Destinations

How Dennis Rodman—and You—Can Visit North Korea


Rodman enters the arena in Macau for a game on the 2011 U.S. Pro-ball Legend Asia Tour

Photograph by ChinaFotoPress via Getty Images

Rodman enters the arena in Macau for a game on the 2011 U.S. Pro-ball Legend Asia Tour

First Eric Schmidt went to North Korea. Now it’s Dennis Rodman’s turn.

Last month, Google’s (GOOG) chairman made headlines by visiting the communist state. On Tuesday, the former NBA star started a week-long visit to the North, traveling with three members of the Harlem Globetrotters on a goodwill visit. The Pyongyang regime is trying to make it easier for other foreigners to follow: Bloomberg News reports the country’s only cellular operator is going to offer uncensored 3G services for foreigners traveling to the Stalinist state.

Rodman, aka the Worm, doesn’t seem to have doubts about the morality of visiting a country where—notwithstanding the official government website’s description of a “Juche-oriented” land where “workers, peasants, soldiers and intellectuals are the true masters of their destiny and are in a unique position to defend their interests”—human rights abuses are rampant and the government is toying with nuclear weapons. As Rodman writes on his Twitter feed: “I’m not a politician. Kim Jung Un & North Korean people are basketball fans. I love everyone. Period. End of story.”

Which raises many questions: Is it even legal for Americans to visit North Korea, a charter member of George W. Bush’s Axis of Evil? How does somebody who’s not the chairman of the world’s most powerful Internet company or a member of the Basketball Hall of Fame manage to go there? Is the North about to become the Next Big Thing for tourists looking for an exotic holiday? Should you cancel your plans for Bali or Bhutan and follow Rodman to Pyongyang?

To get the answers, I spoke to Nick Bonner, founder and director of Koryo Tours, a travel agency in Beijing that specializes in arranging visits to the North. Surprisingly, it is possible to build a business around North Korean tourism: Bonner, a friendly, 51-year-old architect from the U.K., has been at it since 1993. He says his agency handles about half the visits by Westerners to the North. Last year Koryo arranged travel for 2,500 people, a 19 percent increase over 2011.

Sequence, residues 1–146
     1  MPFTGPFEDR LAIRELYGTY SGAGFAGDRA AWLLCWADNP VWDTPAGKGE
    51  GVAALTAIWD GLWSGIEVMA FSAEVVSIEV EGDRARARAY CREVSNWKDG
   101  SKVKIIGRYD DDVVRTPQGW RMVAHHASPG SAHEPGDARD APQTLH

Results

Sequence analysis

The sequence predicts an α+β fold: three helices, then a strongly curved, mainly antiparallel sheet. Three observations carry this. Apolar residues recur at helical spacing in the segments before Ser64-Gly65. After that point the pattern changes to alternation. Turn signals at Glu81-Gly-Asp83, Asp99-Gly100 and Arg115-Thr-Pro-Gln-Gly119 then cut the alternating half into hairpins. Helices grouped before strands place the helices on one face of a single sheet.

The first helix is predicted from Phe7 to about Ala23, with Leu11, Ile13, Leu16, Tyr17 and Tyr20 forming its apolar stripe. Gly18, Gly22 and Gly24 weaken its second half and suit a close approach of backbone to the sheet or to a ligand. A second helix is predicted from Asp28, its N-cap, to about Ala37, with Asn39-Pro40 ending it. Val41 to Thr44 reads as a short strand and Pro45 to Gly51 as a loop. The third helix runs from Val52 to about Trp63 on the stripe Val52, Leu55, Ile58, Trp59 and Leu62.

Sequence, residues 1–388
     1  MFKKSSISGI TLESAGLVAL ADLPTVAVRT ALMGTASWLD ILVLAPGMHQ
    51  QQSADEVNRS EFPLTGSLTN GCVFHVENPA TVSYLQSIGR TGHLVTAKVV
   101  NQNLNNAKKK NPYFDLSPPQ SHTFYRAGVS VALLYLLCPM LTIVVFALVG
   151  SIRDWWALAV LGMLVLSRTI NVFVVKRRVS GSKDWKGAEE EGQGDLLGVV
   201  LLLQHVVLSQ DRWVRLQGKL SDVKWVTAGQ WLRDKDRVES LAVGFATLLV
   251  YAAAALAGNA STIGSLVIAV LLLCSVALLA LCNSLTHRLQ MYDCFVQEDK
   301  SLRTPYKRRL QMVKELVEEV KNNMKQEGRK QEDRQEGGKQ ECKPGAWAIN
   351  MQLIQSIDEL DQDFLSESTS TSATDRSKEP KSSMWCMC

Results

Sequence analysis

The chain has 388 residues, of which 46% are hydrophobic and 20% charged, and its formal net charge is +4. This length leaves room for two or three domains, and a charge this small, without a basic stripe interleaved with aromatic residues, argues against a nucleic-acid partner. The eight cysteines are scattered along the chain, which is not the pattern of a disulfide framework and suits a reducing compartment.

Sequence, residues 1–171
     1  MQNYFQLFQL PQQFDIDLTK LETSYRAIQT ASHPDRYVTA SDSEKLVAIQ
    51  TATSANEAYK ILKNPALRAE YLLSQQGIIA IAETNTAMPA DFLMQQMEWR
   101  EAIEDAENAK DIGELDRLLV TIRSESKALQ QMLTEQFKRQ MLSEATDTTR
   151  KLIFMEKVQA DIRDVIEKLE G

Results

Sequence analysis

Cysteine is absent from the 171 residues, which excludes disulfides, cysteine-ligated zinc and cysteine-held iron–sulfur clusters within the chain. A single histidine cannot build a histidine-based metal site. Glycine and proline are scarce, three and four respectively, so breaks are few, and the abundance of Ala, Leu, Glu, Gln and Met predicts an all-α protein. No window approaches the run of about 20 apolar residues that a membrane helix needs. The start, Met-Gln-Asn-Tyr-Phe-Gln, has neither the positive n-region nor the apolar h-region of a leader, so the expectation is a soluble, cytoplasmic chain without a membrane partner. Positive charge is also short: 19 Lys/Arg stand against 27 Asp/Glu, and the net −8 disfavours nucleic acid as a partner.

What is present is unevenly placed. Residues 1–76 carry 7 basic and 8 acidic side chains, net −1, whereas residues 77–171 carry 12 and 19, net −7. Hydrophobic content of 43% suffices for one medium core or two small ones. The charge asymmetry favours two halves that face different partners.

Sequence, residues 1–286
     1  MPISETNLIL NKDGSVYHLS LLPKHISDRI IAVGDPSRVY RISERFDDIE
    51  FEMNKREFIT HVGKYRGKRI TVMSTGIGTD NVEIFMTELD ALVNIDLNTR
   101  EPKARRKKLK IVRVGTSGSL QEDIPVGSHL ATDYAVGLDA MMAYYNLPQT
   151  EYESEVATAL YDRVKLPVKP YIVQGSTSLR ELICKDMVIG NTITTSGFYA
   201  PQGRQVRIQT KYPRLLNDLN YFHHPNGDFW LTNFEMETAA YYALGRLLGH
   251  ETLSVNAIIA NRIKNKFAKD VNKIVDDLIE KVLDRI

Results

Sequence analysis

First of all, Bonner says Americans have no problem getting permission to travel to North Korea. “It’s totally legal,” he says. (The State Department website confirms that Americans can indeed visit, but since the U.S. doesn’t have an embassy in Pyongyang, State does ask that people planning a trip to the North “please take the time to tell the U.S. Embassy in Beijing, China, about your trip.”) When it comes to charging foreigners to enter the country, Kim Jong Un’s government believes in equality. The visa process takes a few weeks and costs €50 ($65); unlike China, North Korea doesn’t charge American visa applicants more than other foreigners must pay. Like other aliens, Americans can enter the country only via China, though Bonner says U.S. citizens face a singular restriction: While other foreigners can take a train back to China, Americans at the end of their trip must fly from Pyongyang to Beijing.

While a holiday in North Korea isn’t my idea of a fun time, Bonner says the country is worth a visit. For starters, he says, there’s no need to worry about security. “It’s a very safe destination,” he says. “It’s probably one of the safest destinations you can go.” Moreover, now that even the repressive junta in Myanmar has embraced reform, the Democratic People’s Republic is the last of its kind, a pariah state still largely isolated from the rest of the world. “It’s actually fascinating,” Bonner says. “It’s totally unlike any other holiday you’ll have in your lifetime.”

One highlight is the chance to meet locals. “Korean people are fantastic,” says Bonner. While tourists, whether on their own or with groups, must travel with state-approved North Korean guides, there are opportunities for visitors to talk with ordinary citizens. “There is genuine interaction,” he explains. “We know where to go. You are meant to see museum after museum but we make sure to go to places where you run into locals.”

Still, you might want to wait a while before booking your trip. According to Koryo’s website, the “Victorious Fatherland Liberation War Museum” is temporarily closed and is expected to reopen in July. Plan accordingly.

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Einhorn is Asia regional editor in Bloomberg Businessweek’s Hong Kong bureau. Follow him on Twitter @BruceEinhorn.

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